Many new businesses with more than one owner may consider whether to operate as partnerships or Limited Liability Companies (LLCs). There are two types of partnerships; general partnerships and limited partnerships.
General partnerships involve two or more parties who voluntarily agree to own and run a for-profit business in which they equally share management duties and profits or losses.
Limited partnerships are made up of at least one general partner who finances and manages a for-profit business as well as one or more limited partners who provide only capital to that partnership entity.
Most states also recognize LLCs with two or more owners called members. Multi-member LLCs are unincorporated business organizations which combine positive features of both partnerships and corporations for its members. Many state laws have adopted all or part of uniform laws that help govern general partnerships, limited partnerships, and LLCs. This overall review of general and limited partnerships and LLCs focuses on four key aspects: formation, management, profit-sharing, and legal liability.
A general partnership can be formed in a variety of formal and informal ways, including orally, in writing or implied by a court from party conduct, such as pooling capital resources and sharing management duties and business profits or losses. Although not required to do so, it is always recommended that you form a general partnership in a written partnership agreement or articles of partnership. This type of agreement spells out each partner’s rights and duties and helps avoid future litigation between partners. Several states mandate the filing of a certificate of partnership to evidence the existence of a general partnership.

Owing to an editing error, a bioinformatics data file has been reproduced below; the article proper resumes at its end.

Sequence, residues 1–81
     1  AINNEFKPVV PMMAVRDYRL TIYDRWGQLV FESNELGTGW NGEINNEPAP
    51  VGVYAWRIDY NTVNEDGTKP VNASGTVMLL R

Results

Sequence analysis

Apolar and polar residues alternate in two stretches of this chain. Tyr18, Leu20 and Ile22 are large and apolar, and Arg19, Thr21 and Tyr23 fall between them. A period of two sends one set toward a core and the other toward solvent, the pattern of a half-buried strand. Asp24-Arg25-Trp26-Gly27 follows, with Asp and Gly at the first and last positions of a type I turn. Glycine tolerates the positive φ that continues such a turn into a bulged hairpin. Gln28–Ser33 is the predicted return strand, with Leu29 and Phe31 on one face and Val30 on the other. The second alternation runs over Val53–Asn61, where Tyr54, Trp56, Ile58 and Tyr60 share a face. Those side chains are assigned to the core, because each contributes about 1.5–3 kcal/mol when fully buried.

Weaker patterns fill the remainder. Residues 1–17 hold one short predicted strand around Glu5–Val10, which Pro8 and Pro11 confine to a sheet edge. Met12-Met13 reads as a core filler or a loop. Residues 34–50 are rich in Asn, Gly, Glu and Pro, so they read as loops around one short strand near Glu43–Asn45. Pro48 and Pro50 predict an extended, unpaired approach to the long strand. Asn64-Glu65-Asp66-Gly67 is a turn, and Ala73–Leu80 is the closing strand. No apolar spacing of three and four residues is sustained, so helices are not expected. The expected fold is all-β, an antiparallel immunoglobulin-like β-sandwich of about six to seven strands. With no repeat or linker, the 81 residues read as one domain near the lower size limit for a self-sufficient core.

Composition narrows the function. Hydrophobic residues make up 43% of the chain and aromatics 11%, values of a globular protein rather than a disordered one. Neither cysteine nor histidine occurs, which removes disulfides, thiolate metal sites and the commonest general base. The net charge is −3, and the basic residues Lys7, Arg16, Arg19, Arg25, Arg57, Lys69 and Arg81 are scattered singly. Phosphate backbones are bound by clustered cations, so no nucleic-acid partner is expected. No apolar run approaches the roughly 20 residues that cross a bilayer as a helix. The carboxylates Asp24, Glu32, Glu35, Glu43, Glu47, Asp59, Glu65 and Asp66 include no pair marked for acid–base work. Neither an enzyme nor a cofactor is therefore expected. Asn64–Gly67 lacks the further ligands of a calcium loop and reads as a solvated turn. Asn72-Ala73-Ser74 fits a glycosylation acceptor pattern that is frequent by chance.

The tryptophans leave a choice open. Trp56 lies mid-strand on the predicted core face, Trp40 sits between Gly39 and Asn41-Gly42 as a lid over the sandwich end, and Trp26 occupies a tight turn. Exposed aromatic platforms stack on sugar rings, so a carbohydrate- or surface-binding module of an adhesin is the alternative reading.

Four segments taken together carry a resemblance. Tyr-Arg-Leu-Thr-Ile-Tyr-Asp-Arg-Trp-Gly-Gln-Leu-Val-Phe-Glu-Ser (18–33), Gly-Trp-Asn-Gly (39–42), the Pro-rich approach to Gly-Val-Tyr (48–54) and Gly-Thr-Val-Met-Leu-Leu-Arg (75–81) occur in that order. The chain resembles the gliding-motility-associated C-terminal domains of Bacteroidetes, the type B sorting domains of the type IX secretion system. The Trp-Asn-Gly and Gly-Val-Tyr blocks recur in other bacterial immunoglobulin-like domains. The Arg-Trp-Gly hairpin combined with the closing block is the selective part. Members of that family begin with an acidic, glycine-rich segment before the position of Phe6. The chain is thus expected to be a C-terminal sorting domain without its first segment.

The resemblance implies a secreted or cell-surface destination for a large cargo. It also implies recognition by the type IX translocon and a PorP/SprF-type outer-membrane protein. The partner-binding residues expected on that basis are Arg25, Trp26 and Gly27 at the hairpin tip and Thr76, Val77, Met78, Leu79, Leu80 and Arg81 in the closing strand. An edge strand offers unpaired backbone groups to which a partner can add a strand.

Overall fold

Under most state laws, limited partnerships are established in a more formal way through a required filing of a certificate of partnership with the relevant department, normally the secretary of state’s office. Similar to general partnerships, the general and limited partners may wish to enter into articles of limited partnership to clarify partner roles and obligations in operating that business.